Three Ways to Stop Doing the Wrong Things With Your Writing Time
By Christine Niles | October 23, 2017
When you’re first starting to grow a business, saying “yes” to every opportunity can open doors. It can also open floodgates.
Saying yes to everything is a recipe for disaster. So even if you’re just starting out, and especially if you’re a little more established, you need to put a filter in place, and get rid of activities that aren’t serving you.
Last week, we looked at what you’ve been doing and measured it against its importance, impact, and payoff.
So let’s pull that list out, look at the bottom third, and get rid of some dead weight.
Destroy or Delegate
Some things just plain don’t need to be done. Look for things you can stop doing, or stop doing quite as often. When my mom stopped ironing her jeans, she realized that even unironed, they looked fine. Go a week or two without doing the things that were at the bottom of your sorted “I Did This” list and see how it goes.
Some things have to be done, but not necessarily by you.
What can you delegate? Can your family members take on some of the load? Yes, this morning, I emptied the dishwasher while my grown daughter slept in … so I realize it’s not always that simple. If you work from home, sometimes family members perceive your presence as availability to make their lives easier. We’ll talk next week about getting them on your side, but right now, start identifying the things they could do. Will you need to teach them or have some way to keep them accountable? Figure that out now — you’ll need it next week.
Delegating goes beyond your household. Sometimes you’re working on lower ROI tasks for your business, too.
Look for low-payoff activities during time you could be writing or billing higher-payoff work. An assistant might feel expensive, but if you bill at a higher rate for that time, it’s a smart investment.
Finally, if you’re a perfectionist, you might lower your standards for certain activities. If you can bill for an hour of writing instead of folding laundry, perhaps you can live with how your spouse folds your pajamas.
Interruptions might be great for the psychology of marketing, but they’re terrible for productivity.
Interruptions cost more than the few minutes of time they swallow. You’re trying to fit writing into your already packed life. Or you’re trying to fit life into your already packed writing schedule. And you’re trying to do it in a way that respects your priorities and existing commitments, while also keeping you sane.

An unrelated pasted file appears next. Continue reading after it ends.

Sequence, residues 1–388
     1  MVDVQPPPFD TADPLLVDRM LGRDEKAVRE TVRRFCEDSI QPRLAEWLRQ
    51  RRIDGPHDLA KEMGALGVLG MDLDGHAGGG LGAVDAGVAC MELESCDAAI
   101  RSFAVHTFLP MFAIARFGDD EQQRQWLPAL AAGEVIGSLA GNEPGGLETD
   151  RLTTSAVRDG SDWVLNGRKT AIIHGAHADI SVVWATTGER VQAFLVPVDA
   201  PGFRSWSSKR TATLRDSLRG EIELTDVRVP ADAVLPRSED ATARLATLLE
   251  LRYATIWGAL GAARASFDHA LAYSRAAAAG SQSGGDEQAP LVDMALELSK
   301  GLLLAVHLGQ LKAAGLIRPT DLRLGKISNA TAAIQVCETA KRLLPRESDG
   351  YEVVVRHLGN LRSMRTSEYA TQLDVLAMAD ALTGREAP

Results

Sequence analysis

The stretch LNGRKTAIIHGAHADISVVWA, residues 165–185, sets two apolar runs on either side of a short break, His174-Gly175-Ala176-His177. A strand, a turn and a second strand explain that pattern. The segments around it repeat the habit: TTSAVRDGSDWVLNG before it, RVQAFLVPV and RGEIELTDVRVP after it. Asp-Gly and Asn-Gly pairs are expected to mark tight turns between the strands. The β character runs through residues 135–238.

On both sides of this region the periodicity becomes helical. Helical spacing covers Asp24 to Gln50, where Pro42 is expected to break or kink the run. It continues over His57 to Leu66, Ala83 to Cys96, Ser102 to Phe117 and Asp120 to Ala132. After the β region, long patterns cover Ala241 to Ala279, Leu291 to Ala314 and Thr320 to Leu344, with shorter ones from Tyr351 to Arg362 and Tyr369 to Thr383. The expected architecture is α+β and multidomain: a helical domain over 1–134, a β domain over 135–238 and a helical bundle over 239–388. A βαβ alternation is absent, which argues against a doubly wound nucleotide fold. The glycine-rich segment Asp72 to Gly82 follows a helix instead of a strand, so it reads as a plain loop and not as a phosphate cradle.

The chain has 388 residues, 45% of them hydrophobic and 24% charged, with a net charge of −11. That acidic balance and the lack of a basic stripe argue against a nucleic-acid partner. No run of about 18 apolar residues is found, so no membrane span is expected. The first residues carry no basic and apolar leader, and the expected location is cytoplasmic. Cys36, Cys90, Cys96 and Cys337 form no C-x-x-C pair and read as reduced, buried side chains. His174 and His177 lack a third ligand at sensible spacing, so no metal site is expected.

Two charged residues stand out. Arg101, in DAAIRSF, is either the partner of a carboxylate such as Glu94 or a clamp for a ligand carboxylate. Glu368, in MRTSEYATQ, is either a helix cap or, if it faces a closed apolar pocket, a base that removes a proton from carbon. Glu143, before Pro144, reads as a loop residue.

That’s hard, and it means you need to acknowledge that multitasking is a myth and that every new addition to your schedule or creative queue means yet another string to pull on your focus.
Pros know that if a person’s time is split between two things, their effectiveness on each task decreases. Add another area of focus and it drops even further. And so on.
A lot of research has been done about the energy needed for even the most routine decisions. Everything you have to think about, even the good stuff, requires mental energy. What to wear. Which toothpaste to use. Work. Responsibilities.
Choices take energy.
If we don’t realize that, we can set ourselves up for significant failure. We think we’re slipping in a few extra minutes of something that will feed us. But you have to be realistic, and you can’t bully your production with brute force.
You want to create a sustainable way to do what matters — to you personally, and to the world. You’re special; it’s essential you get this right.
Every idea or project is a drain on your available energy. Pick one, and put the rest away, for an hour or a month. Turn off everything that interrupts, pour your focus into the task at hand, and do that one thing to the best of your ability. Then do that for the next project. And the next one.
The Power of No
Now that you’ve got some techniques to get your current tasks under control, you’ve got to filter and protect your future.
For everything you’re doing now and for every new request, client project, or invitation, filter it through your Why statement. If you have openings in your schedule, ask: does it serve your Why and advance you toward your goals? If your schedule is maxed, you have to ask if it serves your goals MORE or LESS than the things you’re already committed to. If it’s MORE, something else has to go. If it’s LESS, you just say no.
But saying no is hard. We want to be everything to everyone. I’m a sucker for people in need. I’ve spent hours answering questions on Facebook, then barely had time to write or do paying jobs.
But I finally hit a point where I was being sucked dry. So a good friend and mentor taught me three great ways to say No:
1) Not right now